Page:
Adultery, homosexuality, robbery and blasphemy will now be punished in Brunei with death penalty. How can tourism survive as negative headlines over the Sultanate is likely to have an impact on travellers’ decision?
It had been delayed a few times but finally the law has been passed and officially enacted. Last week, Sultan Hassanal Bolkiah, Head of Brunei State and also Prime Minister announced that new Islamic criminal laws following sharia were now turning effective. People committing homosexual sex and adultery will now face stoning to death. Brunei, a small sultanate on Borneo Island surrounded by Malaysia, will have the privilege to be the only country in Southeast Asia to go that way.
In the world, they are only 14 countries implementing death penalty for adultery and homosexuality. They are Afghanistan, Iran, Mauritania, Nigeria (northern states), Qatar (extra-marital affairs only for Muslims), Saudi Arabia, Somalia (southern states), Sudan and Yemen.
Brunei goes evem further. According to various websites, the penalties apply to Muslims and non-Muslims including foreigners even not in the country but travelling on Brunei registered aircraft or vessels. Amputations will also be implemented for thieves while blasphemy and apostasy are also punishable with death sentence. In recent years, Brunei has for example banned Christmas celebration, even banning locals of wishing a merry Christmas to Christians.
Many countries and the UN told their strong opposition to what has been called barbaric, medieval and inhuman. Many celebrities have asked to boycott the Dorchester Collection hotels, which belong to the Sultan of Brunei investment agency. The Dorchester Collection is composed of nine prestigious hotels including the London Dorchester, the London Park Lane, Paris Plaza Athénée and Meurice, the Hotel Eden in Rome, the Hotel Principe di Savoia in Milan as well as Los Angeles Beverly Hills Hotel and Hotel Bel-Air.
Not only the hotel company but also Brunei national carrier Royal Brunei is likely to be a victim of the sultanate new sharia laws. Virgin Australia cancelled a staff travel agreement with RBA while the world’s largest travel company for students and youth announced to stop immediately selling tickets on the airline. STA announced two days ago: “We’re proud of our open and diverse culture and we expect our partners to demonstrate the same. We do not support in any way the laws being introduced in Brunei (including on Brunei-registered aircraft and vessels). Because of this we have stopped selling Royal Brunei Airlines flights.”
The Australian government has also been challenged by citizens to look at eventually banning RBA of landing in the country. Queensland regional government also decided to cancel any cooperation with Royal Brunei which is due to start flying to Brisbane. Other countries could also look again at RBA landing rights such as the UK…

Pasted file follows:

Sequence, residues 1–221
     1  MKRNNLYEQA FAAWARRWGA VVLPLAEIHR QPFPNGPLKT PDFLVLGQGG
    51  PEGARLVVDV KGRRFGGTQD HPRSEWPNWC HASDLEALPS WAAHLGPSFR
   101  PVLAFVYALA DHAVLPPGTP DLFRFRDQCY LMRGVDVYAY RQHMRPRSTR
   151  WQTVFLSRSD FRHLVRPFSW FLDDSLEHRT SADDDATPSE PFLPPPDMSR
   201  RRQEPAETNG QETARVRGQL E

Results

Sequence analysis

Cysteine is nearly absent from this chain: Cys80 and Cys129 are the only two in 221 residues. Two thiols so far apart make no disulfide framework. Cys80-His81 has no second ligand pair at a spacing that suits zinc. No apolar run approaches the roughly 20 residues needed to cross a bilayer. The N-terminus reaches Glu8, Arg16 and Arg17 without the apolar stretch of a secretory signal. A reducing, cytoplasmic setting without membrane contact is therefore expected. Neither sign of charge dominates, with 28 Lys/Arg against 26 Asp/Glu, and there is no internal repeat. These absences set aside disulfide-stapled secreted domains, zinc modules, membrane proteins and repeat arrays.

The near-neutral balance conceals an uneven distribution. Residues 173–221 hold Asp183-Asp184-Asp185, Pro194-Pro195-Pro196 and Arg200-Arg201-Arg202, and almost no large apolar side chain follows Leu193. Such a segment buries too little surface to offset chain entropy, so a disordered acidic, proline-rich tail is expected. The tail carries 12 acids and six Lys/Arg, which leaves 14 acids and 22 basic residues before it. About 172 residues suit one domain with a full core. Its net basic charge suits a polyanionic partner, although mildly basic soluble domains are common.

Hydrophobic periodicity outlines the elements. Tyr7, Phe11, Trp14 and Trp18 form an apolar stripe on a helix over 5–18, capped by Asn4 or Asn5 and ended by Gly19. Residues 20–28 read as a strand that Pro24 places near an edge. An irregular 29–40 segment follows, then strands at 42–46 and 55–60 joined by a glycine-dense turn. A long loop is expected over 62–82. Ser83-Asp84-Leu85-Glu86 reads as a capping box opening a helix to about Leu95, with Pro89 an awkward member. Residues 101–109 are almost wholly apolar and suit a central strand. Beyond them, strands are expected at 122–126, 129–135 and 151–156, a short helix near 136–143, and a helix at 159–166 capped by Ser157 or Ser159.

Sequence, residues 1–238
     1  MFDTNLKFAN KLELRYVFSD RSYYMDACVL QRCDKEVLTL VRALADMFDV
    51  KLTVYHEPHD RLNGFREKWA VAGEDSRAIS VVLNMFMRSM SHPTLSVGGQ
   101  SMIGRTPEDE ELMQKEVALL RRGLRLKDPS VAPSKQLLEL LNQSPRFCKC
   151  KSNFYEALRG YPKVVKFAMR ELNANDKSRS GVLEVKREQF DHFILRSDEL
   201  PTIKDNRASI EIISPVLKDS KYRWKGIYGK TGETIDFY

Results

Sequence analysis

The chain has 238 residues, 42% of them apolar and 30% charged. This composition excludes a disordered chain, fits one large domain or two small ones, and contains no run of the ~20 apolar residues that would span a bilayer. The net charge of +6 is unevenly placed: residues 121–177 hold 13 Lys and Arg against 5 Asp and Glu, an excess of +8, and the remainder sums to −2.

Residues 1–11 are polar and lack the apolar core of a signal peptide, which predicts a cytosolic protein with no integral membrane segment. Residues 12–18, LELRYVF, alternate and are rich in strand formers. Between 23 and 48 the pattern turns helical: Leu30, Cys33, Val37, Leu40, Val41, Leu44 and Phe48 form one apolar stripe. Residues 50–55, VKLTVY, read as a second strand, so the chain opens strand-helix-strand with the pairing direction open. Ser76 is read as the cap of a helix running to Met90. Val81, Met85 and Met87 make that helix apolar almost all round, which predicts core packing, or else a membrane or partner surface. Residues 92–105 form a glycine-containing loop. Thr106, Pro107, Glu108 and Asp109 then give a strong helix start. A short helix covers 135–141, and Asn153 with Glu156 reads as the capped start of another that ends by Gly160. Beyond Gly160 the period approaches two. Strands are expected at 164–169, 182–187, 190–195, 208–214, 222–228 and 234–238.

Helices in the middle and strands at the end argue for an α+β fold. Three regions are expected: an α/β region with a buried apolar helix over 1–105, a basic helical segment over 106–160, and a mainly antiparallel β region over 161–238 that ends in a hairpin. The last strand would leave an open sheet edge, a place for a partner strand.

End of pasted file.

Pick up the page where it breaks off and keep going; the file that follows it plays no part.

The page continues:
And what about Brunei tourism? So far, they have been little impact for the small country. Brunei actually receives less than 300,000 real tourists per year–excluding commuters from nearby Malaysia. Although it is likely that a lot of Western tourists will boycott the destination, the country will turn its sights to its neighbours- Malaysia and Indonesia mostly-, to China –which is less sensitive to human rights issues- as well as other Muslim countries.
A strict sharia implementation could actually even attract more travellers with strict Islamic principles. The only impact faced so far by Brunei Tourism has been the termination of a campaign in London public transport which emphasized the Sultanate as the ‘abode of peace’… The campaign actually described the Sultanate as a land blessed in an old lasting culture and heritage with pristine nature and proud to embrace also the spirit of contemporary Asia. Stoning to death people because of their sexual orientation or because of their feeling to someone sounds then at the opposite of what Brunei claims to be!
So far, Brunei Sultan stands to his words and principles. Answering to critics, the Sultan said in a television speech that Brunei is a “fair and happy nation” where visitors can bring home a “sweet experience” thanks to Islamic Ideology.
A crucial test might then be the coming ASEAN Travel Forum, which is hosted every year in a different member country of the association, on a rotating basis. ATF2020 is due to take place in Brunei and it is possible that many companies or individuals might then boycott the event due to the new laws. And also due to the fact that the LGBT community has been for a long time part of the travel industry, even inside Brunei…
Of course, they are no clear signs that Brunei will effectively implement the law in the reality. Amnesty International said in a statement that the country was “abolitionist in practice” when it comes to the death penalty.But just to enact the law is already a bad sign.